Clearly, the secular claims associated with modern Darwinism require the sort of corrective provided by Thomism. Does this mean, then, that Catholics should make common cause with ID advocates? Insofar as ID theory represents a "god of the gaps" view, then it is inconsistent with the Catholic intellectual tradition. Thanks to the insights of Aquinas and his many followers throughout the ages, Catholics have available to them a clearer and more consistent understanding of Creation. If Catholics avail themselves of this Thomistic tradition, they will have no need to resort to "god of the gaps" arguments to defend the teachings of the faith. They will also have a more complete and harmonious understanding of the relationship of the Catholic faith to scientific reason.
I, too, think this approach is best when we are dealing with the abiding secularism and, indeed, atheism that is rampant in the modern, scientific world.

Sunday, February 15, 2009

Gregorian Chant Workshop in Sugar Land

The New Liturgical Movement blog mentions my parish in Sugar Land and the Gregorian Chant workshop held there this weekend. On Friday evening, my parish schola sang William Byrd's Mass for Four Voices, one of my favorites. My wife is a member of the schola, and I know it took quite a lot of preparation to sing, but they did a very good job. I couldn't attend the actual workshop, but my wife tells me it was intense. I did get the opportunity to have dinner with a few of the folks after Friday's concert, including Scott Turkington of the Church Music Association of America who led the workshop. Lots of smart people!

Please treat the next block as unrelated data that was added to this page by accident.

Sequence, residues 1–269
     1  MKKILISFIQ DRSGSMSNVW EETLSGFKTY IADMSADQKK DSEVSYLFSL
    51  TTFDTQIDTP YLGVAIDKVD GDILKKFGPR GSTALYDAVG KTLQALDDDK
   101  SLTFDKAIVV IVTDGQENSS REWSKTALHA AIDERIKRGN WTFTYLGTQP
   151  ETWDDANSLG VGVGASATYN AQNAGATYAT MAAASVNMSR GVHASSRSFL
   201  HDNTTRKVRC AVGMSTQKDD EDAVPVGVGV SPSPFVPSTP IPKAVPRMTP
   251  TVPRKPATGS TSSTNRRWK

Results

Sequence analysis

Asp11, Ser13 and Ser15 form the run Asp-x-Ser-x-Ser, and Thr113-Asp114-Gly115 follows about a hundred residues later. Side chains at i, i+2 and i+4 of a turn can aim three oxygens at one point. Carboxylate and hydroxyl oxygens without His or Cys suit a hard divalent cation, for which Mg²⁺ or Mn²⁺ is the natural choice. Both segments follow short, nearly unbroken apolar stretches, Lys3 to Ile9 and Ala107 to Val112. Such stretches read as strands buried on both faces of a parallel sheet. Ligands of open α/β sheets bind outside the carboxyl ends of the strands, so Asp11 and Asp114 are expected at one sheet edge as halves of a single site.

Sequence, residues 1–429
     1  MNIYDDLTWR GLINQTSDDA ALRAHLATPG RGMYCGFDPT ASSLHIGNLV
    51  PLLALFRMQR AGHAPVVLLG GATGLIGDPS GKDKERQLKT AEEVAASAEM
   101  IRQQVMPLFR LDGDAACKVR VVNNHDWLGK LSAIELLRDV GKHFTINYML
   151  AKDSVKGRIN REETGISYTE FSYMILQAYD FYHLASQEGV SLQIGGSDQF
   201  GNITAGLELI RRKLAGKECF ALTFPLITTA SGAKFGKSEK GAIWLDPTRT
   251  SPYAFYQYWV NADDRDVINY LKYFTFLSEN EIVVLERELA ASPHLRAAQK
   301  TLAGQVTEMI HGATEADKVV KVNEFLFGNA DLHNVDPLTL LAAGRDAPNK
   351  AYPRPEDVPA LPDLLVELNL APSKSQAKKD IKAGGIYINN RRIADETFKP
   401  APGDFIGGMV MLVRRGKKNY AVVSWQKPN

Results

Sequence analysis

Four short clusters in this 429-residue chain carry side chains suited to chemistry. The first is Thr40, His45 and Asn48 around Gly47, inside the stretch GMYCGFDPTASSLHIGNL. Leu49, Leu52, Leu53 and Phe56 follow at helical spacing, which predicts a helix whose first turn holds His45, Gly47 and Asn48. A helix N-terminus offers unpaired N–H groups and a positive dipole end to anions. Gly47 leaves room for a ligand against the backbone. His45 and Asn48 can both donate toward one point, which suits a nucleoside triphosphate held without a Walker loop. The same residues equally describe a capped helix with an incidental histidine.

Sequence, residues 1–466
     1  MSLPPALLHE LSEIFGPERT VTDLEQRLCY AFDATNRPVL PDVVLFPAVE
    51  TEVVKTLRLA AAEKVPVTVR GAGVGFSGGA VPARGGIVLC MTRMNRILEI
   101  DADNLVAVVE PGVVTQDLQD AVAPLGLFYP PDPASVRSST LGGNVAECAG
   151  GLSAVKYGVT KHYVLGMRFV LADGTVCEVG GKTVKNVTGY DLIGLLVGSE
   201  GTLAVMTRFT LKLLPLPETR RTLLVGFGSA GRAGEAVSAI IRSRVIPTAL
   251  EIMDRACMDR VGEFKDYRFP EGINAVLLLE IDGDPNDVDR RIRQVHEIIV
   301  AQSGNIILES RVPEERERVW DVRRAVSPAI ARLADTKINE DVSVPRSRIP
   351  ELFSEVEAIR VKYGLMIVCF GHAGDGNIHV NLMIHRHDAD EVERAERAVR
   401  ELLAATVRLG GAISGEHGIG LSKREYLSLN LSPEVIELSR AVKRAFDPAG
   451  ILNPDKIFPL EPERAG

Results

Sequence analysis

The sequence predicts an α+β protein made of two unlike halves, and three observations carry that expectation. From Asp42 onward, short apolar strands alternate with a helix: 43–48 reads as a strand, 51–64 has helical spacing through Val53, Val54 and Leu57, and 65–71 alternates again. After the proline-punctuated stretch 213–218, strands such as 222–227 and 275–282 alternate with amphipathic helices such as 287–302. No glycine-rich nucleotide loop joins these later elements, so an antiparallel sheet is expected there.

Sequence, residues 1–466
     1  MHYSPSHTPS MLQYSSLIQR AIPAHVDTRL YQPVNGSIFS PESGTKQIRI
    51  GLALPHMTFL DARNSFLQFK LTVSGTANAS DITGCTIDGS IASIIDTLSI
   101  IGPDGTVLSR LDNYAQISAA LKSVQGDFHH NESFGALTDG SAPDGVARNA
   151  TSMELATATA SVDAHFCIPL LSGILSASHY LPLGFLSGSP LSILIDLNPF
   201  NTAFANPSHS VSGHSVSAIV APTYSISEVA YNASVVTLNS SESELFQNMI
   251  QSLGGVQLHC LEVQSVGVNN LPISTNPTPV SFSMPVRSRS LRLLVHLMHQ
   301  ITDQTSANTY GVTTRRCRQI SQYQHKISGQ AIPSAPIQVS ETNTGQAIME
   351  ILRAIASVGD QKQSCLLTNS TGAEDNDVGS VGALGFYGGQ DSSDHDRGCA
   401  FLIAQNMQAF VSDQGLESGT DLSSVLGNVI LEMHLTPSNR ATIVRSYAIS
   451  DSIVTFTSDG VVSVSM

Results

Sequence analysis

The Great Entrance

From the Divine Liturgy of St. John Chrysostom. The prayer of the priest at the Great Entrance, prayed in low voice while the people sing the Cherubic Hymn:
No one bound by worldly desires and pleasures is worthy to approach, draw near or minister to You, the King of glory. To serve You is great and awesome even for the heavenly powers. But because of Your ineffable and immeasurable love for us, You became man without alteration or change. You have served as our High Priest, and as Lord of all, and have entrusted to us the celebration of this liturgical sacrifice without the shedding of blood. For You alone, Lord our God, rule over all things in heaven and on earth. You are seated on the throne of the Cherubim, the Lord of the Seraphim and the King of Israel. You alone are holy and dwell among Your saints. You alone are good and ready to hear. Therefore, I implore You, look upon me, Your sinful and unworthy servant, and cleanse my soul and heart from evil consciousness. Enable me by the power of Your Holy Spirit so that, vested with the grace of priesthood, I may stand before Your holy Table and celebrate the mystery of Your holy and pure Body and Your precious Blood. To You I come with bowed head and pray: do not turn Your face away from me or reject me from among Your children, but make me, Your sinful and unworthy servant, worthy to offer to You these gifts. For You, Christ our God, are the Offerer and the Offered, the One who receives and is distributed, and to You we give glory, together with Your eternal Father and Your holy, good and life giving Spirit, now and forever and to the ages of ages. Amen.

Retraite dans la Ville

Ad spot for the Dominican Province of France's online Lenten Retreat: Retraite dans la Ville:

Take the time...

(Courtesy of the Dominican House of Studies, Washington D.C.)